Photo by Willow Haley.

WWOZ Program Director Dwayne Breashears Resigns

Dwayne Breashears, WWOZ ‘s Program Director and a longtime member of the community radio station’s 20-member staff, has resigned, effective April 1.

“It’s been an incredible 18-year journey,” he said. “I’ve loved what I’ve done at the station and the friends I have made. Many of the people I have met while at OZ are now my family.”

Breashears’ resignation comes at a crucial point in OZ’s operating year, as he was a key person in putting together programming during Jazz Fest. He resigned as the station has made various internal changes, including the hiring of an Interim COO, Arthur Cohen, and the hiring of Pamela Wood as Chief Development Officer.

  • camellia

    WWOZ has failed so much of its intern movers and shakers. What’s going on over there? They lost their top money raiser, their top marketer, and their top programmer. After a while it can’t be the crew. It has to be the captain and the ship.

  • goldenunicorn

    I have recently become a member of wwoz. I’ve been enjoying the station a lot! I am from outside Albuquerque, NM. My hometown public radio station is

    Back in the late 80’s KUNM went through a struggle for control of the station. Long term staff members and volunteers from those days are still around. At the low point the response of the volunteers was an 18 month strike, with strong community support. I hope wwoz’s problems are resolved before things get that bad.

    Excerpt from the Wikipedia article:

    Role of Volunteers at KUNM

    KUNM is a hybrid station combining characteristics of a public station, complete with National Public Radio and other nationally-syndicated programming, with day-time and evening prime time local programming produced by an active base of volunteers from the local community as well as the University of New Mexico student body. Volunteers at KUNM have played a central role in the functioning of the station over the years, and at times conflicts have emerged generally between the station management on one hand, and volunteers and the broader community on the other. For example, in 1987 recently-hired Station Manager Tim Singleton made it known that the station’s Morning and Afternoon Freeform programs were to be replaced with more standard NPR-style jazz and classical programming, including nationally-syndicated programming produced outside of New Mexico. The response of the volunteers was an 18 month strike, with strong community support, and accompanying first amendment and other legal actions against the University of New Mexico. A settlement was reached in the Fall of 1988, that included a re-vamped Radio Board with a significant amount of say on programming changes, and a Volunteer Agreement that clarifies volunteer rights at the station.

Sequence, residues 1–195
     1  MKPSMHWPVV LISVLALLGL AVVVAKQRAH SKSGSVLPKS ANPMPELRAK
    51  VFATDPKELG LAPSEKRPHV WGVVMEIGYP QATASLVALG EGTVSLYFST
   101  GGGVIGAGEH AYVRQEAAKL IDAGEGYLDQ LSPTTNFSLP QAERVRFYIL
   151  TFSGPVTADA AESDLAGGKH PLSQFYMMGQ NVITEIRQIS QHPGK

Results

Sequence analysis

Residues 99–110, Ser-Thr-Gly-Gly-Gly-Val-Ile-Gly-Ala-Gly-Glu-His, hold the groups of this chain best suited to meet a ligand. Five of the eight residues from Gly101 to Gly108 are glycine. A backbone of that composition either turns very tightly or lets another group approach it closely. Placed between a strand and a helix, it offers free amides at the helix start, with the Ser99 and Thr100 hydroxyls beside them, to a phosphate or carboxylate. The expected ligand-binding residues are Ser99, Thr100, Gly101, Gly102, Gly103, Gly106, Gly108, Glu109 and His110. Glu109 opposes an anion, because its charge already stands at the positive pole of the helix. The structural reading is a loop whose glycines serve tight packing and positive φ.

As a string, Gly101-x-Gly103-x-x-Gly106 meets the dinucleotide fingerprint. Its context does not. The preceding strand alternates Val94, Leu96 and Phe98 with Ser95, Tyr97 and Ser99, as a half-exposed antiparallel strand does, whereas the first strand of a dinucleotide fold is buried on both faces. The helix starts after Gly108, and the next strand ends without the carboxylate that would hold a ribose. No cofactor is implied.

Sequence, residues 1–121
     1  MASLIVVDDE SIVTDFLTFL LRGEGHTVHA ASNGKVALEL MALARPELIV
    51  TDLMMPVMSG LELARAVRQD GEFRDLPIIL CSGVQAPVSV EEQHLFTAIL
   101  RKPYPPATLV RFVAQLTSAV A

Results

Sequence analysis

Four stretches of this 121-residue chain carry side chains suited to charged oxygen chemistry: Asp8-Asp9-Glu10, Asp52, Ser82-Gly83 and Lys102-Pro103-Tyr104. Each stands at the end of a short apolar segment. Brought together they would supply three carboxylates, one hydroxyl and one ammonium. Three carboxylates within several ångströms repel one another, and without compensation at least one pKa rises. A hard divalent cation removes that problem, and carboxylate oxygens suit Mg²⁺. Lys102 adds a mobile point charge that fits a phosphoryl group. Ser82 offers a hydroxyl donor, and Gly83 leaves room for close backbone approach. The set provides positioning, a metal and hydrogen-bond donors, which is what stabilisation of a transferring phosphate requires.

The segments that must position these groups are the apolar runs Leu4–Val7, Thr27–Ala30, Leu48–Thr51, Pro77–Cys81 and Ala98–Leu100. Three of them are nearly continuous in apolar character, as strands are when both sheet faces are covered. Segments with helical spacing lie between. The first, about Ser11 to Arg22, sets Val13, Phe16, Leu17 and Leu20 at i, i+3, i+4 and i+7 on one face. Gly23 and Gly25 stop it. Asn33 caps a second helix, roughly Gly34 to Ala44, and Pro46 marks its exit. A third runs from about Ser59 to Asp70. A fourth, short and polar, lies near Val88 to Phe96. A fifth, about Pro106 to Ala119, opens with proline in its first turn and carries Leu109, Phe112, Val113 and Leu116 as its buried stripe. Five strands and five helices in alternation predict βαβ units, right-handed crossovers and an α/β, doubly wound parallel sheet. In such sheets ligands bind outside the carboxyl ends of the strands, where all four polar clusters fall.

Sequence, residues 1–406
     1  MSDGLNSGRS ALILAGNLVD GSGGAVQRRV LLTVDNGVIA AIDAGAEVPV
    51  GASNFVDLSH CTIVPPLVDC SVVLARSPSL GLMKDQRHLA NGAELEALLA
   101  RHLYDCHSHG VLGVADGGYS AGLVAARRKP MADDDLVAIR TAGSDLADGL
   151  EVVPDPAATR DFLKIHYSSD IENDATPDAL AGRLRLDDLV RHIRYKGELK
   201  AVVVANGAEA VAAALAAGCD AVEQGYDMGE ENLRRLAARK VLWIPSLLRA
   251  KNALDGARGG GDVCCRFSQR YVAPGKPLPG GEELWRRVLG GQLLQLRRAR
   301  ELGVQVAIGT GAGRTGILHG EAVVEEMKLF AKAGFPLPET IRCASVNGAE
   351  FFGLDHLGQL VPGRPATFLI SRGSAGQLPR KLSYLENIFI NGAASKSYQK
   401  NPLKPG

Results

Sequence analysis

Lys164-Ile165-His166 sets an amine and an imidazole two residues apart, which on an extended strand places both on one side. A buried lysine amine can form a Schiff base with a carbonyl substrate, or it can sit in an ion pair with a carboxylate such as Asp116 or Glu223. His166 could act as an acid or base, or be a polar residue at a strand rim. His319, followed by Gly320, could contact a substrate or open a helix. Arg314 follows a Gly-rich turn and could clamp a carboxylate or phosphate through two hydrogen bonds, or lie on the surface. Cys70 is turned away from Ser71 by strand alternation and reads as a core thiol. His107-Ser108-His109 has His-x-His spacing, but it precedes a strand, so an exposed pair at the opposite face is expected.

• Homer Averbuck

    This is a metamorphosis caused by the General Manager who has lost touch with the unique soul of WWOZ and its funky music. The problem has become systemic and Camellia you are right, the best hearts and minds of WWOZ have left over the last year — six of the finest paid staff have gone in addition to some special volunteers and deejays. I predict more of the excellent long time staffers will also be leaving.
    The General Manager’s new staff hires are normally out of area and fail to understand WWOZ’s special mission. Morale as at an all-time low.
    Oz will last, but it is being morphed into an unrecognizable entity that is beginning to sound like so many other radio stations.

  • cd

    Oh how I long for the WWOZ days of the past. The roots don’t seem to be the same. Mispronunciations of local sites, names, etc. by “newbies” just demonstrates that the station has turned a corner to somewhere besides NOLA. Of course there were issues but it wouldn’t be New Orleans without issues, and we should learn to embrace uniqueness and not try to homogenize everything to be like everything else. What a loss we are experiencing in all of our culture, WWOZ included 🙁

  • PeazantBoy

    they’ve been on a downhill slide over there for some time now. i tuned out for good about 6 or 7 years ago and my dial is pretty much oxidized into 91.5 nowadays as my tastes have evolved past the nostalgia music that is the bedrock of ‘OZ (daytime anyway, maybe there’s some cool stuff still brewing overnite..?? i wouldn’t know, no longer a night owl)…that, in addition to the milquetoast daytime jazz programming, incessant new orleans worship, certain local musician types doubling as dj’s who take themselves way too seriously, the self-reverential “greatest-station-in-the-universe” bs that they constantly regurgitate and the dearth of quirky on-air personalities that used to be in abundance.

    that said, i am grateful to 90.7 for broadening my musical horizons from the moment i moved here in 1996 and for the many friends and acquaintances who i met doing volunteer work there in the late 90’s/early aughts that continue to inhabit my life to this day.